With medical insurance getting more expensive each year and procedures becoming more technically-advanced with new equipment and medicines, individuals can easily accumulate overwhelming medical debt very quickly. While studies may debate whether severe medical debt is directly causing an increase in U.S. bankruptcies, the fact remains that it’s often a correlating problem most filers experience. Because the bankruptcy process is structured to discharge or reorganize medical debts, it’s a viable option for those who can’t pay their medical bills. With the help of Behm Law Group, Ltd., you can recover from medical debt and successfully file for bankruptcy in Worthington, MN.
Medical debt can happen gradually as chronic treatments rack up bills or all at once if an unexpected medical emergency occurs. No matter the circumstances leading up to unmanageable medical debt, those debts are treated the same in bankruptcy cases. All your medical bills are considered to be unsecured nonpriority debts in your case. To put this in perspective, your credit card debts are categorized as unsecured nonpriority debts as well.
How your unsecured nonpriority debts are handled depends on the type of bankruptcy you file for.
Chapter 13 works to reorganize debts that aren’t exempt from the bankruptcy process into a new repayment plan. Secured debts are repaid in full along with select priority debts, but your unsecured debts—like the medical bills you owe—are often only partially repaid if they’re required to be repaid at all.
Chapter 7 works to liquidate your assets to repay your creditors in return for the discharge of most debts. This discharge includes your unsecured debts and allows immediate full relief from medical bills.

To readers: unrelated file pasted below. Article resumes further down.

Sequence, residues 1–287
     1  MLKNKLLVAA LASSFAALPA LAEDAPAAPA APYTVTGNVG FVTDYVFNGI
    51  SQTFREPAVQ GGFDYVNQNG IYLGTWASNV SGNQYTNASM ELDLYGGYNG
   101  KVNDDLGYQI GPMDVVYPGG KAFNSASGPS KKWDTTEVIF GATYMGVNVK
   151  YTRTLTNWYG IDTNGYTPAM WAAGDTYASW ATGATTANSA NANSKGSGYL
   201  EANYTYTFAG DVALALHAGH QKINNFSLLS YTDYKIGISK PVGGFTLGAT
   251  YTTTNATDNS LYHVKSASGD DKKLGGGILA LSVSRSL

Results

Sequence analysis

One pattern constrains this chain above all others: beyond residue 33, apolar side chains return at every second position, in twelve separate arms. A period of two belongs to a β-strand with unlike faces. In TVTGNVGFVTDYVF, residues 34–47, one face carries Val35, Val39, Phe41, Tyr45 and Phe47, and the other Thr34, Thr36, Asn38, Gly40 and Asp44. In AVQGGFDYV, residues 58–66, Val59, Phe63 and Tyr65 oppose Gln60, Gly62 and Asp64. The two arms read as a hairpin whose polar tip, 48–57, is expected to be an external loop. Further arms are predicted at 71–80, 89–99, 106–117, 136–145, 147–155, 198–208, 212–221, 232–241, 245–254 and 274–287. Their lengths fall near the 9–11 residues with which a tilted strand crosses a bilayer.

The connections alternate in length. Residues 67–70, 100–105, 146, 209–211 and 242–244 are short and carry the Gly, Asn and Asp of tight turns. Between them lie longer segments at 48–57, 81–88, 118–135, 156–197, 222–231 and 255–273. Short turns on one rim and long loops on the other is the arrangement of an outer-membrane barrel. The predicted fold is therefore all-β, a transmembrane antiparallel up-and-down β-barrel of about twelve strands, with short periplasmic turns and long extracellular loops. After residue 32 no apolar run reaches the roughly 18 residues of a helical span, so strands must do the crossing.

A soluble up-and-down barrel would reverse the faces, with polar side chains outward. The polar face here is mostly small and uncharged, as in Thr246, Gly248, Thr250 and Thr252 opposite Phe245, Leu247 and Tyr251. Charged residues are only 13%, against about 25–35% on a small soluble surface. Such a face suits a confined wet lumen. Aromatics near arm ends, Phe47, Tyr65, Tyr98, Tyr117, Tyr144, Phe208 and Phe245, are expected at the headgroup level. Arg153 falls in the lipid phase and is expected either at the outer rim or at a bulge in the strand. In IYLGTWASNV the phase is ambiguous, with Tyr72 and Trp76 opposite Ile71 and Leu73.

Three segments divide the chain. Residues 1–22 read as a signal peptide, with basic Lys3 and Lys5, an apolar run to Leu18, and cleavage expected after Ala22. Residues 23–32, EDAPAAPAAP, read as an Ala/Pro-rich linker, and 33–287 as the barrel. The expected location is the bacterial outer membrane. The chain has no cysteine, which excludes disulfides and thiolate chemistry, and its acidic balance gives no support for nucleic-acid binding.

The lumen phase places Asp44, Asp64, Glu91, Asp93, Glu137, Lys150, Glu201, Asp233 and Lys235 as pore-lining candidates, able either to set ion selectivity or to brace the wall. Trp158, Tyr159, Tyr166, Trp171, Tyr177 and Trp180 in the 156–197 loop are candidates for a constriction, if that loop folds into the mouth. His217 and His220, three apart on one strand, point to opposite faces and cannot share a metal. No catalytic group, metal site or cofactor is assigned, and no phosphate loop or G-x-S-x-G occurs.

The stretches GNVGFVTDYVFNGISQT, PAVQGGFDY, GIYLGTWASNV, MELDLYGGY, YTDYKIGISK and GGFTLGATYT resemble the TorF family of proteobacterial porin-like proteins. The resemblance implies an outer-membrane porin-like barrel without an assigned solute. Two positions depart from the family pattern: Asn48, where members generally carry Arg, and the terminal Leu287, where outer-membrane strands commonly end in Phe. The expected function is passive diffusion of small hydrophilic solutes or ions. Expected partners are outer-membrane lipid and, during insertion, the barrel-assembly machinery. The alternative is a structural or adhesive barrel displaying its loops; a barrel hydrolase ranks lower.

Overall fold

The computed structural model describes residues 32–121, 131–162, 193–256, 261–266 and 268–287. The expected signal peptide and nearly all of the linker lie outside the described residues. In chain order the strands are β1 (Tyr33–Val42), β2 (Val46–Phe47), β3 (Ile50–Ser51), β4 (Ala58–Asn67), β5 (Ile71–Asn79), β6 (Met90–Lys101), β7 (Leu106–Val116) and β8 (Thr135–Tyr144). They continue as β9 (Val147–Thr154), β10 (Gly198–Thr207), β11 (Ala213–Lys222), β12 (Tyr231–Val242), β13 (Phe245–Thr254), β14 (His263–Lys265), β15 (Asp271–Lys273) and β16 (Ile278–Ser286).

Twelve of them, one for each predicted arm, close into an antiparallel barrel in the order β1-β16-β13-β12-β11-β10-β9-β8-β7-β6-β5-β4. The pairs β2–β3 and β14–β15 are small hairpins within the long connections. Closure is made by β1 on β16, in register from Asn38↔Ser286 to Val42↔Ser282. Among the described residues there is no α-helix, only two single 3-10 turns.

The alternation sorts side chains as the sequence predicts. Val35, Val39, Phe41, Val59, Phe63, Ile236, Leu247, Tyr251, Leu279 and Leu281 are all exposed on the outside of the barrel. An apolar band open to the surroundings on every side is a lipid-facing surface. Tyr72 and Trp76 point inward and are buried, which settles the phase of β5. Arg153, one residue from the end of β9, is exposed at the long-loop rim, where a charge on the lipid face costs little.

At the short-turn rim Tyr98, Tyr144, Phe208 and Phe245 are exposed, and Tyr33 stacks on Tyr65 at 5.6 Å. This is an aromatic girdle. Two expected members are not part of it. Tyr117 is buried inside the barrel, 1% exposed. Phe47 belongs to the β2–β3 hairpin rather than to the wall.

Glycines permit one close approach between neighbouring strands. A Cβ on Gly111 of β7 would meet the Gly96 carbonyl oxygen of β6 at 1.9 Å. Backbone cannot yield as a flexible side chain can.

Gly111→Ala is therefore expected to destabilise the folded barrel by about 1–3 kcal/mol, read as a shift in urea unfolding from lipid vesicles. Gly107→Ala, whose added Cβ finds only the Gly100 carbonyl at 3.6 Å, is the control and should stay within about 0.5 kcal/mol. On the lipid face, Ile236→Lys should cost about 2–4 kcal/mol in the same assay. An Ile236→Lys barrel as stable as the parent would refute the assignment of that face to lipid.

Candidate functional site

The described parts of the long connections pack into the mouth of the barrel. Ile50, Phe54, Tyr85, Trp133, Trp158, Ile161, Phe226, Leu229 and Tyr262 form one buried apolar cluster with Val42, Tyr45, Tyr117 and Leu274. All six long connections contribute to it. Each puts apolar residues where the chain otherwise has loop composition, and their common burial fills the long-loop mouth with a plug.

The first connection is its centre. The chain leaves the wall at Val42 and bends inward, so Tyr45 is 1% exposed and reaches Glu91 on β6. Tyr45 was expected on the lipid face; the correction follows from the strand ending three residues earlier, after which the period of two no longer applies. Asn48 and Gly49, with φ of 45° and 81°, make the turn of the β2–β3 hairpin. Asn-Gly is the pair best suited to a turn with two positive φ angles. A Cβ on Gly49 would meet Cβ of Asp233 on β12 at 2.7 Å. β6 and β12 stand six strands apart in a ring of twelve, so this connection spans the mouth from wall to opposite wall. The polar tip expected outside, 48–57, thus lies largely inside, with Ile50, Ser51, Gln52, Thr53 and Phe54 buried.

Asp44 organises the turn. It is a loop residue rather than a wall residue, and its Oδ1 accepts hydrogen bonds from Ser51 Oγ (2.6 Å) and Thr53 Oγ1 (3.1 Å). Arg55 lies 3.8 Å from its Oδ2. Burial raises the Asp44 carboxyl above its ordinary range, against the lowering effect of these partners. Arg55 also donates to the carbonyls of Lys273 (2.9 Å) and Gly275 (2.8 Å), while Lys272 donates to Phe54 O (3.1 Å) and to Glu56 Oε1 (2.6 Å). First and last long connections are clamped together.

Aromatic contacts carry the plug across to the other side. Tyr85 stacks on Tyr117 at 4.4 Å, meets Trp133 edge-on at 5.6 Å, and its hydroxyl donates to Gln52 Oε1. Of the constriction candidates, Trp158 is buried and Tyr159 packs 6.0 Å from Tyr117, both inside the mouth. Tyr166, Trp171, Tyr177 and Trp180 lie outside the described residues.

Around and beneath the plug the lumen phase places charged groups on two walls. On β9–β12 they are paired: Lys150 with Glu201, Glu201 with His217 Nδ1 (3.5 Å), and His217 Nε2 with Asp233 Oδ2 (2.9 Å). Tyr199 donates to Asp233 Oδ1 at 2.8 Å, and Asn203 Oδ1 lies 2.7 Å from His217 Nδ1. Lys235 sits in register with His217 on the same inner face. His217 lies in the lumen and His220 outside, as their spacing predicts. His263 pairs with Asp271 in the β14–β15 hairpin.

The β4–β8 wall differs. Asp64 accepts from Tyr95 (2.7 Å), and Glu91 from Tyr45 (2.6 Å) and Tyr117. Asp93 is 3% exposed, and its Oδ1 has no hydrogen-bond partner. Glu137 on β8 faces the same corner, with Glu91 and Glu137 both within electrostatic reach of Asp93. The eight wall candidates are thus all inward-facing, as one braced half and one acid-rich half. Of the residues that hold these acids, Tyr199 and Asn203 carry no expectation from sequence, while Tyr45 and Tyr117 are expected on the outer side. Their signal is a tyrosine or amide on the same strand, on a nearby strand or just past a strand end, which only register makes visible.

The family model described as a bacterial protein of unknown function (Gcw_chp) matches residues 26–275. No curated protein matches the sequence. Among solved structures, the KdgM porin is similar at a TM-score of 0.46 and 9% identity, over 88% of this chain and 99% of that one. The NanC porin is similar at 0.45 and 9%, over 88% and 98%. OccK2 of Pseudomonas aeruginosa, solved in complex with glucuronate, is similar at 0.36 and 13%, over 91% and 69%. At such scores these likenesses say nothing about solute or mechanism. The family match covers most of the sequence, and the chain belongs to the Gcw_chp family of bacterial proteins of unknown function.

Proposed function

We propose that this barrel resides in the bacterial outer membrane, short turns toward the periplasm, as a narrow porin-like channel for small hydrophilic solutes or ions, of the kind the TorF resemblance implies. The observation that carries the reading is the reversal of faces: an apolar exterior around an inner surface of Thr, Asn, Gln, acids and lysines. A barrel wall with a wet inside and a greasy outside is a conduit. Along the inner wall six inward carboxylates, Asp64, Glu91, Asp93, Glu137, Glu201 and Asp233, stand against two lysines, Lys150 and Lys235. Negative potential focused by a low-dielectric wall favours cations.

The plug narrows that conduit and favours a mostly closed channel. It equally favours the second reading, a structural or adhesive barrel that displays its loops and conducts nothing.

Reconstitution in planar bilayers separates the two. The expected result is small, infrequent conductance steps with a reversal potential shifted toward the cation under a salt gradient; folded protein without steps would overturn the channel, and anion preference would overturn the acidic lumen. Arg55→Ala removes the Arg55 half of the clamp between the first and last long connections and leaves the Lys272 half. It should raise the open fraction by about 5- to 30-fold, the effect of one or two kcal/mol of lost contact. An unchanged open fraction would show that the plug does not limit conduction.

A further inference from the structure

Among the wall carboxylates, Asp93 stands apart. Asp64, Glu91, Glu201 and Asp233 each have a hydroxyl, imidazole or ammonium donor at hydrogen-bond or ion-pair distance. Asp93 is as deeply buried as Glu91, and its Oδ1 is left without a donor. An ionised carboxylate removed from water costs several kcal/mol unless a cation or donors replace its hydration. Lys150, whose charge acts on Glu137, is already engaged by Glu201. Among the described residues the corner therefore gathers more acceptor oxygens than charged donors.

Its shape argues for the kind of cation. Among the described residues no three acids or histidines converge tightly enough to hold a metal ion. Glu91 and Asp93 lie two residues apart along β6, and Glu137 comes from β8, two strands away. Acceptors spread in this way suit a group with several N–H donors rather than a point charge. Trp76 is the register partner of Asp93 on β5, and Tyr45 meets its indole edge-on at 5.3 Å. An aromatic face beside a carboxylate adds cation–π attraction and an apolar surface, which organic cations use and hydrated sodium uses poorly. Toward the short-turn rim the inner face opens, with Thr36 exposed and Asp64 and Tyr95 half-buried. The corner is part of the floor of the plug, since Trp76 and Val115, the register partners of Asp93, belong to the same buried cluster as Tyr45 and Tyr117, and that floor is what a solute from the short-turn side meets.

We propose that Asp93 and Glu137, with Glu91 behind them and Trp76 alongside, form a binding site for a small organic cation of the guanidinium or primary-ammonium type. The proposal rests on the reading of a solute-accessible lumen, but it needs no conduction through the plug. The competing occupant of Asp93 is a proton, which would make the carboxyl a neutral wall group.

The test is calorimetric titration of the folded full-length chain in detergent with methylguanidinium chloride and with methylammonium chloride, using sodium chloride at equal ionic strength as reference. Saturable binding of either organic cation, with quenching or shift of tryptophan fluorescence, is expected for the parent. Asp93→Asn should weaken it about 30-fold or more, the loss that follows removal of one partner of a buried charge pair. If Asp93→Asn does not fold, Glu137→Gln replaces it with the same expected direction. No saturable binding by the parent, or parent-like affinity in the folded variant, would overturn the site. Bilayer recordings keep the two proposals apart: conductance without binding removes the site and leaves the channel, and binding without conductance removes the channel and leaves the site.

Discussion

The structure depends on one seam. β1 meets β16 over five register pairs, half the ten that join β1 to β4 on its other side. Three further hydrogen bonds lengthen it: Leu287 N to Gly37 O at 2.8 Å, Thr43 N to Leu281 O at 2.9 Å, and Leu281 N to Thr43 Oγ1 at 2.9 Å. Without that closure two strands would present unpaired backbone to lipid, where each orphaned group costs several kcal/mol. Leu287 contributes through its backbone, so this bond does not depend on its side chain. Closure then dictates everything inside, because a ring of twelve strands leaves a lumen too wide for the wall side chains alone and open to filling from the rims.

Limitations on Discharges
Relief from medical bills is guaranteed if you qualify for Chapter 7 bankruptcy by passing the Means Test. All your unsecured debts will be dissolved in return for major liquidation of your assets. In Chapter 13 bankruptcy, there are some limitations on the relief you can receive for your medical bills. Because your medical debt is lumped into one category with all your other unsecured nonpriority debts, they’re all subject to the same limitation. This limit manifests as a cap on the amount you can include in your repayment plan. Currently, you may file for Chapter 13 if you have under $394,725 in unsecured debts. This amount will change in April of 2019 to meet standards of income and overall economic adjustments, but for now, you can resolve all your debts in a new repayment plan if you meet this and other Chapter 13 requirements.
There may be some limits to the possibility of recovering from severe medical debt by filing for bankruptcy, but the majority of cases are highly effective in providing a solution for those struggling with hospital bills and more. For more information about filing for bankruptcy in Worthington, MN, contact Behm Law Group, Ltd. at (507) 387-7200 today.